He left Arkansas in 1911, obsessed with the idea that he held the key to world salvation. He and Ella came back to Galion, where he had a nervous breakdown. He was granted a year's leave of absence from his duties in Arkansas. During his recuperation, the bishop began reading the works of Karl Marx and Charles Darwin.
He resigned his position in April 1912 with the understanding that he could keep his seat in the House of Bishops.
From 1912 to 1920, Brown underwent a startling conversion process and embraced Marxism and socialism. Brown's acceptance of socialism and Marxism led him to communism. It was during this time that the prominent socialist Eugene Debs visited often.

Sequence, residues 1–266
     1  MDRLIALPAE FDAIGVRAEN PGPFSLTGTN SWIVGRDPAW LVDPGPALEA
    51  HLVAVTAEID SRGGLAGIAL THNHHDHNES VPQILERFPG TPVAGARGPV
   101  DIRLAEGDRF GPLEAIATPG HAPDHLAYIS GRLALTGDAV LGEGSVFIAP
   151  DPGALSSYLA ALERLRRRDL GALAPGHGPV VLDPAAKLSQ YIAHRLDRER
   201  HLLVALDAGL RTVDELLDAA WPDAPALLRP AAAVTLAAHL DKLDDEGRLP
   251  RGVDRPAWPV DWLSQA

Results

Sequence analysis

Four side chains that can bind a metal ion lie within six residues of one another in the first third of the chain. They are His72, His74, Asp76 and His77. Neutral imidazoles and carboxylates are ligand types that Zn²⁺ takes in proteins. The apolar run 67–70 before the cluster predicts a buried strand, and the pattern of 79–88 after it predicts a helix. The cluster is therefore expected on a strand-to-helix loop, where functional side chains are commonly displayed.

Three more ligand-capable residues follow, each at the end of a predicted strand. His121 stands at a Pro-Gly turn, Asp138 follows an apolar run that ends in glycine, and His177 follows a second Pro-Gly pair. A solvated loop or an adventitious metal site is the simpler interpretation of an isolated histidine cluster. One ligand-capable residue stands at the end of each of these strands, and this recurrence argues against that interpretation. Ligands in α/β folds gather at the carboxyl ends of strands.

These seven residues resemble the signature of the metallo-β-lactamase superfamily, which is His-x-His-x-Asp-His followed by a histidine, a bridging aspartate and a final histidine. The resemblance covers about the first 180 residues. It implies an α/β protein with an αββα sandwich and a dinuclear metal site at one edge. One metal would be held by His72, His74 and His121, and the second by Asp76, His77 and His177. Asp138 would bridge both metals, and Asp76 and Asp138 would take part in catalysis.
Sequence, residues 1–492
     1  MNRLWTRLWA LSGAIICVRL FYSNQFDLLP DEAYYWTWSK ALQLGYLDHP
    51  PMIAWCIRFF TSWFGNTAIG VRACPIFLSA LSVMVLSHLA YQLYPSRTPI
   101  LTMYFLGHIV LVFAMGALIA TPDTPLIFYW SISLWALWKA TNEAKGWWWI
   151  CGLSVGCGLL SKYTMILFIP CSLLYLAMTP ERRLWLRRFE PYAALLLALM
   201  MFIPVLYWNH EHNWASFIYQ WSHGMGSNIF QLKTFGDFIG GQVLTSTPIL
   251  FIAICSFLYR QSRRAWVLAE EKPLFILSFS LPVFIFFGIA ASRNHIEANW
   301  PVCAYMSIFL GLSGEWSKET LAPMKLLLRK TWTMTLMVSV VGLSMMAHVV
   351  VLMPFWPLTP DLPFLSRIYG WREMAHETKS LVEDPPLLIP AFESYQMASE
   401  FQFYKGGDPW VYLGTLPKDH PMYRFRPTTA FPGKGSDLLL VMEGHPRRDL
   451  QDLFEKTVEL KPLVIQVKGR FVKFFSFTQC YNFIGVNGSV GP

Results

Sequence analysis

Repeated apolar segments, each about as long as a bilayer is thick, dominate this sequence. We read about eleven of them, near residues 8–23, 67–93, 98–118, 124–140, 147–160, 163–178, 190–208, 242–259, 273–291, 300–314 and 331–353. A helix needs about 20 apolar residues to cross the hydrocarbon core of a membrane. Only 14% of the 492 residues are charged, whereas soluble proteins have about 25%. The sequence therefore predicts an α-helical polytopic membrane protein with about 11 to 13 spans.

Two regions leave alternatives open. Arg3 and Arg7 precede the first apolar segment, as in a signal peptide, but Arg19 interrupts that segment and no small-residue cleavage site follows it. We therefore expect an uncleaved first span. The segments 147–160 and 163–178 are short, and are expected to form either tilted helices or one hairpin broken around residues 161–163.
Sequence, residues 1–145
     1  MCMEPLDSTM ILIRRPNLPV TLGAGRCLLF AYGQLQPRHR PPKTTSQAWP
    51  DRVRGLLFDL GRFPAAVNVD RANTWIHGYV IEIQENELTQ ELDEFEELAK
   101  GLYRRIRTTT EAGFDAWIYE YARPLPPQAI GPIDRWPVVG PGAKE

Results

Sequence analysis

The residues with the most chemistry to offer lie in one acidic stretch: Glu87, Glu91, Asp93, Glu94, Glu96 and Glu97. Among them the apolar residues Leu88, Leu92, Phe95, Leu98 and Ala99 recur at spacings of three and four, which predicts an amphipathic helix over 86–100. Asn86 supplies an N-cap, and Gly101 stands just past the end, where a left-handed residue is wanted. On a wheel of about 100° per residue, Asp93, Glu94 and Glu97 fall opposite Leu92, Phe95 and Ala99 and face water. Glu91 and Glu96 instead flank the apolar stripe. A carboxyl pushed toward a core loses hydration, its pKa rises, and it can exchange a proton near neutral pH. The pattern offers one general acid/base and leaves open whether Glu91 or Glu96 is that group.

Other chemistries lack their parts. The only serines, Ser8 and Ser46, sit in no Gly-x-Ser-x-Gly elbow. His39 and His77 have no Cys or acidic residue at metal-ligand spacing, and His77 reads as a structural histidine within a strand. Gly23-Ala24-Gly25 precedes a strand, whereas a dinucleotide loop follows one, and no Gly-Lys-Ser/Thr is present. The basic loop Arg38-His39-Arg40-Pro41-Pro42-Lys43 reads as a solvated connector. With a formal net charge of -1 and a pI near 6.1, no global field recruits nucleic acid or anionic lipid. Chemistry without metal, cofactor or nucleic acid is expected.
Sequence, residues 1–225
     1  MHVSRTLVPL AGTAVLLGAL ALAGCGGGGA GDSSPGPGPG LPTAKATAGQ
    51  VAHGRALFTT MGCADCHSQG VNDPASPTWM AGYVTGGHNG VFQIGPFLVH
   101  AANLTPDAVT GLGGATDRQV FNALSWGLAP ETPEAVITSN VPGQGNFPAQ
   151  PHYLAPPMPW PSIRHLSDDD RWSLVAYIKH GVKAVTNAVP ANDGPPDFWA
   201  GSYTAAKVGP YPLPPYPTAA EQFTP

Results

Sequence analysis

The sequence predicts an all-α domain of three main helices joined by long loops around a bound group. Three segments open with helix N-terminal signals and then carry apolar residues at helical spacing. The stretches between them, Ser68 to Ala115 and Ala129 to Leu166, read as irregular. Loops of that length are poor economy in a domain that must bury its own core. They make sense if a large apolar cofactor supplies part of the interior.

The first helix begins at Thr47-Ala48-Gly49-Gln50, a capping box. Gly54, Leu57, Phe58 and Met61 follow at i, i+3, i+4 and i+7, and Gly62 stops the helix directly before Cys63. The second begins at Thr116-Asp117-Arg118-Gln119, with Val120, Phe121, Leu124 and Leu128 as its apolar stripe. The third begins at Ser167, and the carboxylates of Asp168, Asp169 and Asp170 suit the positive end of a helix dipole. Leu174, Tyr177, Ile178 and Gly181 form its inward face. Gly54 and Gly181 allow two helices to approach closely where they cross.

Read it all.
Filed under: * Anglican - Episcopal Episcopal Church (TEC) TEC Bishops * Christian Life / Church Life Church History * Culture-Watch Philosophy Religion & Culture * International News & Commentary America/U.S.A.
Posted June 9, 2011 at 5:00 am
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